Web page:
Commemorative plaque at the house in the 4th arrondissement, where Sardou was born
Victorien was born in rue Beautreillis (pronounced [ʁy bo.tʁɛ.ji]), Paris on 5 September 1831. The Sardous were settled at Le Cannet, a village near Cannes, where they owned an estate, planted with olive trees. A night's frost killed all the trees and the family was ruined. Victorien's father, Antoine Léandre Sardou, came to Paris in search of employment. He was in succession a book-keeper at a commercial establishment, a professor of book-keeping, the head of a provincial school, then a private tutor and a schoolmaster in Paris, besides ing grammars, dictionaries and treatises on various subjects. With all these occupations, he hardly succeeded in making a livelihood, and when he retired to his native country, Victorien was left on his own resources. He had begun studying medicine, but had to desist for want of funds. He taught French to foreign pupils: he also gave lessons in Latin, history and mathematics to students, and wrote articles for cheap encyclopaedias.
At the same time he was trying to make headway in the literary world. His talents had been encouraged by an old bas-bleu, Mme de Bawl, who had published novels and enjoyed some reputation in the days of the Restoration, but she could do little for her protégé. Victorien Sardou made efforts to attract the attention of Mlle Rachel, and to win her support by submitting to her a drama, La Reine Ulfra, founded on an old Swedish chronicle. A play of his, La Taverne des étudiants, was produced at the Odéon on 1 April 1854, but met a stormy reception, owing to a rumour that the débutant had been instructed and commissioned by the government to insult the students. La Taverne was withdrawn after five nights. Another drama by Sardou, Bernard Palissy, was accepted at the same theatre, but the arrangement was cancelled in consequence of a change in the management. A Canadian play, Fleur de Liane, would have been produced at the Ambigu but for the death of the manager. Le Bossu, which he wrote for Charles Albert Fechter, did not satisfy the actor; and when the play was successfully produced, the nominal authorship, by some unfortunate arrangement, had been transferred to other men. Sardou submitted to Adolphe Lemoine, manager of the Gymnase, a play entitled Paris à l'envers, which contained the love scene, afterwards so famous, in Nos Intimes. Lemoine thought fit to consult Eugène Scribe, who was revolted by the scene in question.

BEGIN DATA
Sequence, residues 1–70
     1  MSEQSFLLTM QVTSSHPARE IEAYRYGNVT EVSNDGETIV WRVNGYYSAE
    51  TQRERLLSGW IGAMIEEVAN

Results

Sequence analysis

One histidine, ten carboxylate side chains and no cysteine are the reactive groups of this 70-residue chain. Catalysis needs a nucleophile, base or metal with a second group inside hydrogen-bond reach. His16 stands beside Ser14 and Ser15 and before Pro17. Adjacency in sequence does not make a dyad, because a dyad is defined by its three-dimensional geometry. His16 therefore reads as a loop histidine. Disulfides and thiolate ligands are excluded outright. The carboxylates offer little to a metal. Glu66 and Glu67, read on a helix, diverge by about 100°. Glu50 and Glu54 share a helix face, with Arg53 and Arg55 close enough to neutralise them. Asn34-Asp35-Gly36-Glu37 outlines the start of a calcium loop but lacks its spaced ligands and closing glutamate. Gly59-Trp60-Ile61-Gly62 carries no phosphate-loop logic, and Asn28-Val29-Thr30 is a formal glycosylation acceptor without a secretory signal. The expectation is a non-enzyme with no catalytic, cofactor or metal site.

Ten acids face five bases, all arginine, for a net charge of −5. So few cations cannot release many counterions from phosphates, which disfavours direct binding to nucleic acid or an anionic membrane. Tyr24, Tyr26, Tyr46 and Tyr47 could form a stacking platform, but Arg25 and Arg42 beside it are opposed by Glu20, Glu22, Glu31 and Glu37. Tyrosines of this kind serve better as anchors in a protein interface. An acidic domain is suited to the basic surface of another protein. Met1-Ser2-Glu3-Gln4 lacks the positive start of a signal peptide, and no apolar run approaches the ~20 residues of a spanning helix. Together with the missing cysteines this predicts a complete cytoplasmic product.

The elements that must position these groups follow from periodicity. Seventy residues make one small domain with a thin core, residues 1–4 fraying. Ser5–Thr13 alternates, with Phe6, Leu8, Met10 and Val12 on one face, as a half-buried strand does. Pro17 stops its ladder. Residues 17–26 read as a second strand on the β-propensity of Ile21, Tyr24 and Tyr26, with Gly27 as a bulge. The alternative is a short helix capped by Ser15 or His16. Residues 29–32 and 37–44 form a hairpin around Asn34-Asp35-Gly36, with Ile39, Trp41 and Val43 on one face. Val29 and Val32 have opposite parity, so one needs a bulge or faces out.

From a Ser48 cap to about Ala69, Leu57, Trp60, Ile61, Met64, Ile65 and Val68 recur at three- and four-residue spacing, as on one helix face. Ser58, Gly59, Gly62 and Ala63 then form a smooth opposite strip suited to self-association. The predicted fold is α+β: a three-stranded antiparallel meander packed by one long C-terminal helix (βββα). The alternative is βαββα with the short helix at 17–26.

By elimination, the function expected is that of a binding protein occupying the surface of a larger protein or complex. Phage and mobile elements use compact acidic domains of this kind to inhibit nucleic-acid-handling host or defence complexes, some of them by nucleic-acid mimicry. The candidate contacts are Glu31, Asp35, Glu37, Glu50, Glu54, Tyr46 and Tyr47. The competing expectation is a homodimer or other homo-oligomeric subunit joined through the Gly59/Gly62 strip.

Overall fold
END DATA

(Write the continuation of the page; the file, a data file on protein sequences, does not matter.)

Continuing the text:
In 1857, Sardou felt the pangs of actual want, and his misfortunes culminated in an attack of typhoid fever. He was living in poverty and was dying in his garret, surrounded with his rejected manuscripts. A lady who was living in the same house unexpectedly came to his assistance. Her name was Mlle de Brécourt. She had theatrical connections, and was a special favourite of Mlle Déjazet. She nursed him, cured him, and, when he was well again, introduced him to her friend. Déjazet had just established the theatre named after her, and every show after La Taverne was put on at this theatre. Fortune began to smile on the author.
It is true that Candide, the first play he wrote for Mlle Déjazet, was stopped by the censor, but Les Premières Armes de Figaro, Monsieur Garat, and Les Prés Saint Gervais, produced almost in succession, had a splendid run. Garat and Gervais were done at Theatre des Varlétés and in English at Criterion Theatre in London. Les Pattes de mouche (1860, afterwards anglicized as A Scrap of Paper) obtained a similar success at the Gymnase.
Sarah Bernhardt in the title role of Sardou's Théodora in 1884
Madame Sans-Gêne (1893) was written specifically for Gabrielle Réjane as the unreserved, good-hearted wife of Marshal Lefevre. It was translated into English and starred Irving and Ellen Terry at the Lyceum Theatre. Later plays were La Pisie (1905) and Le Drame des poisons (1907). In many of these plays, however, it was too obvious that a thin varnish of historic learning, acquired for the purpose, had been artificially laid on to cover modern thoughts and feelings. But a few — Patrie! and La Haine (1874), for instance — exhibit a true insight into the strong passions of past ages.L'Affaire des Poisons (1907) was running at the Théâtre de la Porte Saint-Martin and was very successful at the time of his death. The play involved the poisoning camarilla under Louis XIV of France. Toward the end of his life, Sardou made several recordings of himself reading passages from his works, including a scene from Patrie!.